Unlike guitarists or wind players, who can carry their instruments with them relatively easy and practice almost anywhere, the time and space it takes to assemble a drum kit can be a limiting factor when it comes to practicing percussion—and while brass players have mutes and guitarists can turn down their amp, the sheer volume of a drum kit can make it difficult to practice in certain locations, or at certain times of the day.
A high-quality practice pad can let you work on your technique without waking the neighborhood. It can also be an excellent tool for students and percussion ensembles, letting you isolate your stroke and rhythm from the sound of your drum. The style and type of drums you play will often determine which practice pad is right for you, but whether you’re a marching snare student or a gigging professional, one of the pads on this list will be right for you. They’re, in our humble opinion, the best drum practice pads on the market.
Drumeo P4 Practice Pad
The P4 pad from Drumeo is perhaps the most versatile practice pad you’ll ever use. While many practice pads only give you a single, snare drum-like surface, the P4 pad uses four different surfaces. Along with the standard gum-rubber surface, there’s a neoprene area similar to the feel of the high tom, a rubber-like area that simulates the floor tom, and a hard surface with a feel similar to a ride cymbal. This gives you more options to develop your technique for the various pieces of your kit all on the same convenient pad. The feel and rebound of your stick will be realistic to those surfaces, meaning you’ll be better able to hone your technique consistently on all the drums and cymbals in your kit.
Evans RealFeel 2-sided Practice Pad
This practice pad from Evans has a larger surface, designed to fit in a standard snare basket. You can practice with this pad in your natural position and the stand gives it support, meaning you don’t have to alter your technique. The two sides give you two different feels, with a standard gum coating on the snare side and a harder surface of recycled rubber on the other side that gives you more of a workout and helps improve your endurance. This pad is built to take a beating, too, and won’t wear out even if used for daily practice. Bar none, this is one of the best drum practice pads you can buy.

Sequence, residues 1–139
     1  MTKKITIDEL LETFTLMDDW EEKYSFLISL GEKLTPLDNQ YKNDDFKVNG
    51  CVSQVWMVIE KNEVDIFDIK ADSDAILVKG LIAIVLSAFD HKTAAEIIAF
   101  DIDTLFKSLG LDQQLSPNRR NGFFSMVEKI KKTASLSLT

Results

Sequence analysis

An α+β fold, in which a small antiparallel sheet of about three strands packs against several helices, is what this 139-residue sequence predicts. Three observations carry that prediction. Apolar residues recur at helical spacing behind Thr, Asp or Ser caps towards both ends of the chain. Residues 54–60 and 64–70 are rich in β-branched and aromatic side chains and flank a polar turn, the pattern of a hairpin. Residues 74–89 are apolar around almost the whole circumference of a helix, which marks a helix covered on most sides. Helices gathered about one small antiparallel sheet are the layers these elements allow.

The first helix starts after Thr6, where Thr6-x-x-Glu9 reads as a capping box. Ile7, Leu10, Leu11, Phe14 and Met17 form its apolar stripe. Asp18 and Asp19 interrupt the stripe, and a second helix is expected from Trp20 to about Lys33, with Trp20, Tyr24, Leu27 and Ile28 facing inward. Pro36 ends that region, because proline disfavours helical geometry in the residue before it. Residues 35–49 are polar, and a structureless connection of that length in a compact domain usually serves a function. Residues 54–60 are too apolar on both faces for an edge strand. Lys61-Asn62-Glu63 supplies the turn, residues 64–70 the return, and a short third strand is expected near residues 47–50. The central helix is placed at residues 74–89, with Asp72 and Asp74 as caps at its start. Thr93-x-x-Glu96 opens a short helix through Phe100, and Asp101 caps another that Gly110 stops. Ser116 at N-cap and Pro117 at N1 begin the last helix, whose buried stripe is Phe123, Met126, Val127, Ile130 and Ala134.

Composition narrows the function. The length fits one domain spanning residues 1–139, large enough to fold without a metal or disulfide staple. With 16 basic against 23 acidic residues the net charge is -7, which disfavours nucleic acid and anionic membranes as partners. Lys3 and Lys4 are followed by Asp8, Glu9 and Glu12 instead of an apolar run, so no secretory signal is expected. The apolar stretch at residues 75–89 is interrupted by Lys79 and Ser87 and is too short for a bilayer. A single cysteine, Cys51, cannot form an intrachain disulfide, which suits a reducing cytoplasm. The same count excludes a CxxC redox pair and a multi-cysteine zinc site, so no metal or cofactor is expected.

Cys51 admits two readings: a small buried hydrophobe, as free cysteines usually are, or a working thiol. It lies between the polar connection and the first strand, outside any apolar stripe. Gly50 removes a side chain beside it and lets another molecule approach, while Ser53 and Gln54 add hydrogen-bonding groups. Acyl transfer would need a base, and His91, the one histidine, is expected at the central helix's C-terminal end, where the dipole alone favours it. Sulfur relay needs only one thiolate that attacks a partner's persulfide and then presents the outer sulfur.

Vic Firth Heavy Hitter Slim Pad
If you’re looking for a practice pad that feels more like a marching snare, check out the Vic Firth Heavy Hitter. It uses a thin layer of rubber mounted on a base of wood to give the feel of the Kevlar used in modern marching snare heads. Its slim size also makes it convenient for the marching percussionist. You can throw it in your backpack without adding too much weight or bulk, letting you practice anytime and anywhere with ease. It’s also quieter than most practice pads on the market, which your friends and roommates will appreciate if you like to practice in your dorm room or on the band bus.